Savion Glover, now 37, made his Broadway debut at age 12 in The Tap Dance Kid. But this master of tap and percussion dancing really burst on the scene with his stint in the acclaimed musical Bring in ’da Noise/Bring in ’da Funk in 1996. He comes to the Van Wezel Feb. 22 with his new show, SoLo iN TiME; we asked him about that and his future in tap. (For tickets, call 953-3368).
Q. In this new show, you’ve working with flamenco music and rhythms. Was that a longstanding interest of yours?
A. I’ve always had an interest in it, but for the last five years I’ve had the pleasure of some close encounters with flamenco dancers and musicians. I don’t do flamenco dancing myself, but I match my dance to the flamenco music. Tap dancing can be done to any kind of music.
Q. So how long have you been rehearsing this project?
A. I don’t really like to rehearse. I know what the tunes are, and beyond that I just like to know who’s going be there. I like to be surprised, like I’m on the other side of the curtain with the audience. My plan is to have no plan.
Q. You mean you just improvise once you’re on stage?
A. I just express myself. I’ve had the privilege of being onstage with some great musicians, and it’s all about trust. It’s like jazz, the way it’s improvised. So every show I do is different.
Q. You had such success at such a young age. Do you ever feel like you have to keep topping yourself?
A. I never thought about topping myself. I can’t top myself. It’s just about maintaining excellence.
Q. Do you dance every day?
A. No, but dance is my life. I live it. What you see on stage is my life in that moment. I think dance; I dream in stereo. I am dance, 24/7.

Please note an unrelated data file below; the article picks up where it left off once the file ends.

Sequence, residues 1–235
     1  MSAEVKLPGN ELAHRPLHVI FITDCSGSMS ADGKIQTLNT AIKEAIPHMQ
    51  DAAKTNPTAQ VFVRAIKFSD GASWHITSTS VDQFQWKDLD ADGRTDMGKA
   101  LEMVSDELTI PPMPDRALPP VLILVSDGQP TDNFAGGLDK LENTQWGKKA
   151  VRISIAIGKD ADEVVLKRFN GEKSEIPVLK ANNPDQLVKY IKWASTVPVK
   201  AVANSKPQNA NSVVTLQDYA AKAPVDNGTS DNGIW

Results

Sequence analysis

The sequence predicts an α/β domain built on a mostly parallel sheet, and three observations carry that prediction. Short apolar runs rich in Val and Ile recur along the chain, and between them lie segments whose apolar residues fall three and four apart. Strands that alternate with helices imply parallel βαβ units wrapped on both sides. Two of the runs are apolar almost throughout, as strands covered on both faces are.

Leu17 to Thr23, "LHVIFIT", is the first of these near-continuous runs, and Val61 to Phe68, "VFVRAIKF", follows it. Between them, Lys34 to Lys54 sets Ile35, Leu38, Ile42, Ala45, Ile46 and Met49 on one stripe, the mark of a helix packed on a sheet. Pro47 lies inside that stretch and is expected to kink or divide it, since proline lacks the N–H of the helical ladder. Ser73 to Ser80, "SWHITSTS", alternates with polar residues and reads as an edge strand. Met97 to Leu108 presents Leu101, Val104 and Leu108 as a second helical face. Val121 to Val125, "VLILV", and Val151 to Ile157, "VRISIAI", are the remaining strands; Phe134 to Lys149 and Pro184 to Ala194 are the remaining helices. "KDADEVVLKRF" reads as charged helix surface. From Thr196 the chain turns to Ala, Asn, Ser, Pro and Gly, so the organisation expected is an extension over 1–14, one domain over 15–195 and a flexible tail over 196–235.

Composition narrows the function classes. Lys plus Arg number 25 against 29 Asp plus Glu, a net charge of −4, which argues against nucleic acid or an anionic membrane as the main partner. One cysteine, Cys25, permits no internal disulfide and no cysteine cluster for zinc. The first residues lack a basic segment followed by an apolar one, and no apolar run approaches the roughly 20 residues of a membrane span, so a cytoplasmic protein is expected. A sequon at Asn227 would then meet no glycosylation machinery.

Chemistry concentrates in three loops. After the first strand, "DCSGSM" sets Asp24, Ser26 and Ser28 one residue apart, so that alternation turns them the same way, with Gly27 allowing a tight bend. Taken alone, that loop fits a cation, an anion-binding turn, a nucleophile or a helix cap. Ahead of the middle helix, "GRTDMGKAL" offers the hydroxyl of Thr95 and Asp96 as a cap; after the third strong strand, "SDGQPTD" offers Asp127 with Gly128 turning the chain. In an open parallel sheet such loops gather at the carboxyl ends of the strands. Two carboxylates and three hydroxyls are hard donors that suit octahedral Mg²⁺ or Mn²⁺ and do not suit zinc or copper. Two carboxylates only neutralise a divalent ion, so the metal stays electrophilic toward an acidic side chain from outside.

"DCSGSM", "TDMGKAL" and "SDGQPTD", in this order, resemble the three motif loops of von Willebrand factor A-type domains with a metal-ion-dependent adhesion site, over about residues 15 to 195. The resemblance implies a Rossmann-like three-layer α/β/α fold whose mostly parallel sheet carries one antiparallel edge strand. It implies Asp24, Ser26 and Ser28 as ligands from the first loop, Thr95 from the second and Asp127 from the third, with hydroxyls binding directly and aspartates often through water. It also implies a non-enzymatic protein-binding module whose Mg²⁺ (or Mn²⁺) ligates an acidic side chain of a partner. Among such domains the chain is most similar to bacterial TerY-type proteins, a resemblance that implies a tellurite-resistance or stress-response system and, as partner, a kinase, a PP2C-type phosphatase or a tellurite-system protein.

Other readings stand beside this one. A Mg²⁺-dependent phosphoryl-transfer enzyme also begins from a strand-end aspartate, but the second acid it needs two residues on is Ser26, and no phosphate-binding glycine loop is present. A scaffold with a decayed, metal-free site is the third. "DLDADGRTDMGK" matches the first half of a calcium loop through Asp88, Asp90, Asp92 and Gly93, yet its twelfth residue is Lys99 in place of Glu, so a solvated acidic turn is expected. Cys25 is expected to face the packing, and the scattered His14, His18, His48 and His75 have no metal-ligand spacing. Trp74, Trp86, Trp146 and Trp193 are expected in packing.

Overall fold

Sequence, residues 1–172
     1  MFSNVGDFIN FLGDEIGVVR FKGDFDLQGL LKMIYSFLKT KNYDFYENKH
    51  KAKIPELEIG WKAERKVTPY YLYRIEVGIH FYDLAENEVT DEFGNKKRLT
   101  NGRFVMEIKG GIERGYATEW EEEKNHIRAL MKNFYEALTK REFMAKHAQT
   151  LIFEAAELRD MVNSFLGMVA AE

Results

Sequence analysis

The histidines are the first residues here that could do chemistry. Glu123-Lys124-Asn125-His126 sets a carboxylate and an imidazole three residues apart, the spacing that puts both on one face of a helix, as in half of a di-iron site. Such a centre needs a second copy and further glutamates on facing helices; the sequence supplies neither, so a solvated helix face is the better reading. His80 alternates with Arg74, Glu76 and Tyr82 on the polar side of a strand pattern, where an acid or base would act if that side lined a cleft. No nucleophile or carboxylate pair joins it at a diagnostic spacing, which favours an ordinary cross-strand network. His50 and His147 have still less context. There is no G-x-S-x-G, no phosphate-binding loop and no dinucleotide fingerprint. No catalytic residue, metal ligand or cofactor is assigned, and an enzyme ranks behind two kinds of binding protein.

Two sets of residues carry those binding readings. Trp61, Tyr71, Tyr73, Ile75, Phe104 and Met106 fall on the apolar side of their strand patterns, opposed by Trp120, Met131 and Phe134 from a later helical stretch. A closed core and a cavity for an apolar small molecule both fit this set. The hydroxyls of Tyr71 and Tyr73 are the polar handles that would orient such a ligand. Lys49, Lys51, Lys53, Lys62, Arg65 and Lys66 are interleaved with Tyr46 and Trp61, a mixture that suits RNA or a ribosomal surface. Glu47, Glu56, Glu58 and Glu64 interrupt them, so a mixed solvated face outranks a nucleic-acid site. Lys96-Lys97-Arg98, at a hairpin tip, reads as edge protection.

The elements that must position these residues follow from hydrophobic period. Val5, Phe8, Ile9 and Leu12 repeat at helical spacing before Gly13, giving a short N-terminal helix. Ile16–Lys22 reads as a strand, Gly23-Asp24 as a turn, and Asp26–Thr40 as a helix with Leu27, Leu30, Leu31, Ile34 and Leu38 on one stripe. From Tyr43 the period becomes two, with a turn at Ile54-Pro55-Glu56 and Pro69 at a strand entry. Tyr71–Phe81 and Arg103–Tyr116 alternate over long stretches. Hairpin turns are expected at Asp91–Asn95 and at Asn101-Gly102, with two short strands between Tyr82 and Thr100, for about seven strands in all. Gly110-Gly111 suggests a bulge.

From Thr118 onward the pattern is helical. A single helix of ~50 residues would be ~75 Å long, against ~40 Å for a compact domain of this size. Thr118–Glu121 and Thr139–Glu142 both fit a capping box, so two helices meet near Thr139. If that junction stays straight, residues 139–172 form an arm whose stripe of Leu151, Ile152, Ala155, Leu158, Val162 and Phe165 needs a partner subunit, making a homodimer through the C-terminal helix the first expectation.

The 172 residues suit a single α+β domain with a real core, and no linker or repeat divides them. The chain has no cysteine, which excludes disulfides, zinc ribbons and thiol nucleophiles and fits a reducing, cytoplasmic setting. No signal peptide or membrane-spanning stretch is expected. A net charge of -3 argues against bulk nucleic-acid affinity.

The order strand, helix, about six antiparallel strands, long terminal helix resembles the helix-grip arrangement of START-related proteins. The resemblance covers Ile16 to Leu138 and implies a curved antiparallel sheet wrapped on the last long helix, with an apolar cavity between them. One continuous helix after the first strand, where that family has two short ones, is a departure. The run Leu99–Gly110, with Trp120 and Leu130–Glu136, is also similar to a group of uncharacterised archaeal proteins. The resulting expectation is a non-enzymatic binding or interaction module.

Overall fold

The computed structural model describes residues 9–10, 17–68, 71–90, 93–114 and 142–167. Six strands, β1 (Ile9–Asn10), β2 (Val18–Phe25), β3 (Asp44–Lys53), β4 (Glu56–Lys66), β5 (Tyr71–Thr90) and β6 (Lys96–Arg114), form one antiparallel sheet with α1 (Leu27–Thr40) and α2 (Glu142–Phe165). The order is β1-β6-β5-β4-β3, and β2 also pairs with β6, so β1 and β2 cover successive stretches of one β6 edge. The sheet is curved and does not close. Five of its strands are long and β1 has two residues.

Q. Did you always think about dance that way?
Q. No, I started just taking dance lessons as a boy, and you, know, preparing for the annual student showcase. But in my early 20s, as I started to work with men like Gregory Hines and Buster Brown, I became more aware of the musicianship behind dance. That changed my mentality and my thinking about dancing.
Q. Were there dancers you idolized growing up in Newark?
A. No, I didn’t know anything about that. My Saturday mornings were spent watching Bruce Lee, not Gene Kelly. But later, these men [like Hines] were my influences.
Q. You teach dance at your school in New York now.
A. I try to give the kids a meaning of dance, vs. a step or a routine. I’ll teach any age kid, as long as they know what “yes” and “no” mean.
I stopped teaching what you may know as tap classes several years ago. I’m just happy with the experience of sharing the knowledge and information I have with the students; it keeps my spirits alive knowing the stories I know will go on to be told.
Q. No end to tapping for you in sight?
A. I’m like the game of basketball: The dance gets better. You know [NBA star] Grant Hill? He’s one of the oldest basketball players around, and he’s just gotten better. I come from knowing dancers who at 92 were doing things I couldn’t do at 16 or 17. So I’m looking forward to those years.
Q. One last question: Where did your name, Savion, come from?
A. My mother wanted to name me Savior, but that went against her religious beliefs. So she named me Savion, so us boys would all have names ending in “on.” One day when I was about 14, she and I were in Paris and this lady came up to us and asked “Do you know what a savion is?” She showed us pictures of these tulips that grow in Israel; those are savions.